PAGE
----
This paper summarizes the current state of knowledge about the millennial scale climate variability characterizing Marine Isotope Stage 3 (MIS 3) in S-Europe and the Mediterranean area and its effects on terrestrial ecosystems. The sequence of Dansgaard-Oeschger events, as recorded by Greenland ice cores and recognizable in isotope profiles from speleothems and high-resolution palaeoecological records, led to dramatic variations in glacier extent and sea level configuration with major impacts on the physiography and vegetation patterns, both latitudinally and altitudinally. The recurrent succession of (open) woodlands, including temperate taxa, and grasslands with xerophytic elements, have been tentatively correlated to GIs in Greenland ice cores. Concerning colder phases, the Greenland Stadials (GSs) related to Heinrich events (HEs) appear to have a more pronounced effect than other GSs on woodland withdrawal and xerophytes expansion. Notably, GS 9-HE4 phase corresponds to the most severe reduction of tree cover in a number of Mediterranean records. On a long-term scale, a reduction/opening of forests throughout MIS 3 started from Greenland Interstadials (GIs) 14/13 (ca. 55-48 ka), which show a maximum in woodland density. At that time, natural environments were favourable for Anatomically Modern Humans (AMHs) to migrate from Africa into Europe as documented by industries associated with modern hominin remains in the Levant. Afterwards, a variety of early Upper Palaeolithic cultures emerged (e.g., Uluzzian and Proto-Aurignacian). In this chronostratigraphic framework, attention is paid to the Campanian Ignimbrite tephra marker, as a pivotal tool for deciphering and correlating several temporal-spatial issues crucial for understanding the interaction between AMHs and Neandertals at the time of the Middle to Upper Palaeolithic transition.

An overview of Alpine and Mediterranean palaeogeography, terrestrial ecosystems and climate history during MIS 3 with focus on the Middle to Upper Palaeolithic transition / Badino F.; Pini R.; Ravazzi C.; Margaritora D.; Arrighi S.; Bortolini E.; Figus C.; Giaccio B.; Lugli F.; Marciani G.; Monegato G.; Moroni A.; Negrino F.; Oxilia G.; Peresani M.; Romandini M.; Ronchitelli A.; Spinapolice E.E.; Zerboni A.; Benazzi S.. - In: QUATERNARY INTERNATIONAL. - ISSN 1040-6182. - ELETTRONICO. - 551:(2020), pp. 7-28. [10.1016/j.quaint.2019.09.024]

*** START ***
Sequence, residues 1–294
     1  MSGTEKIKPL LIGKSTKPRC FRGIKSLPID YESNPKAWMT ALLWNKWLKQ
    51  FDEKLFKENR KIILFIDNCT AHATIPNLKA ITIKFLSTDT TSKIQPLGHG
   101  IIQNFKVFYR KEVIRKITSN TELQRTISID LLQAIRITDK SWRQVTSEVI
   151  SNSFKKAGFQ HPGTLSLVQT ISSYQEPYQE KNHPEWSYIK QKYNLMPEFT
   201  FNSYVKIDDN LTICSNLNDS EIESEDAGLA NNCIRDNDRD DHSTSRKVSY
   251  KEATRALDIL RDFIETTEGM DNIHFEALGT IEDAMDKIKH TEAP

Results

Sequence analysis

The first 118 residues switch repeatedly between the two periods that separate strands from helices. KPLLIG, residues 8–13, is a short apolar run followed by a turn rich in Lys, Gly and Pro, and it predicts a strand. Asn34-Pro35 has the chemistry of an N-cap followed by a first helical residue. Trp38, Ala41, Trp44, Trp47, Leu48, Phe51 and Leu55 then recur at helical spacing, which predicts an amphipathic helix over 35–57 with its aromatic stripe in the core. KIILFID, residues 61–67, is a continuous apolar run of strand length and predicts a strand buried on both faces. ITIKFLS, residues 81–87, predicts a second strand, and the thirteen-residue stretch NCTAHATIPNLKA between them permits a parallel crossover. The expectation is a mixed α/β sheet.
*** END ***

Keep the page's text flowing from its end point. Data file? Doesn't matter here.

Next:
An overview of Alpine and Mediterranean palaeogeography, terrestrial ecosystems and climate history during MIS 3 with focus on the Middle to Upper Palaeolithic transition

Badino F.;
2020

Abstract

This paper summarizes the current state of knowledge about the millennial scale climate variability characterizing Marine Isotope Stage 3 (MIS 3) in S-Europe and the Mediterranean area and its effects on terrestrial ecosystems. The sequence of Dansgaard-Oeschger events, as recorded by Greenland ice cores and recognizable in isotope profiles from speleothems and high-resolution palaeoecological records, led to dramatic variations in glacier extent and sea level configuration with major impacts on the physiography and vegetation patterns, both latitudinally and altitudinally. The recurrent succession of (open) woodlands, including temperate taxa, and grasslands with xerophytic elements, have been tentatively correlated to GIs in Greenland ice cores. Concerning colder phases, the Greenland Stadials (GSs) related to Heinrich events (HEs) appear to have a more pronounced effect than other GSs on woodland withdrawal and xerophytes expansion. Notably, GS 9-HE4 phase corresponds to the most severe reduction of tree cover in a number of Mediterranean records. On a long-term scale, a reduction/opening of forests throughout MIS 3 started from Greenland Interstadials (GIs) 14/13 (ca. 55-48 ka), which show a maximum in woodland density. At that time, natural environments were favourable for Anatomically Modern Humans (AMHs) to migrate from Africa into Europe as documented by industries associated with modern hominin remains in the Levant. Afterwards, a variety of early Upper Palaeolithic cultures emerged (e.g., Uluzzian and Proto-Aurignacian). In this chronostratigraphic framework, attention is paid to the Campanian Ignimbrite tephra marker, as a pivotal tool for deciphering and correlating several temporal-spatial issues crucial for understanding the interaction between AMHs and Neandertals at the time of the Middle to Upper Palaeolithic transition.
2020
551
7
28
Badino F.; Pini R.; Ravazzi C.; Margaritora D.; Arrighi S.; Bortolini E.; Figus C.; Giaccio B.; Lugli F.; Marciani G.; Monegato G.; Moroni A.; Negrino F.; Oxilia G.; Peresani M.; Romandini M.; Ronchitelli A.; Spinapolice E.E.; Zerboni A.; Benazzi S.
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Utilizza questo identificatore per citare o creare un link a questa risorsa: https://hdl.handle.net/2158/1315414
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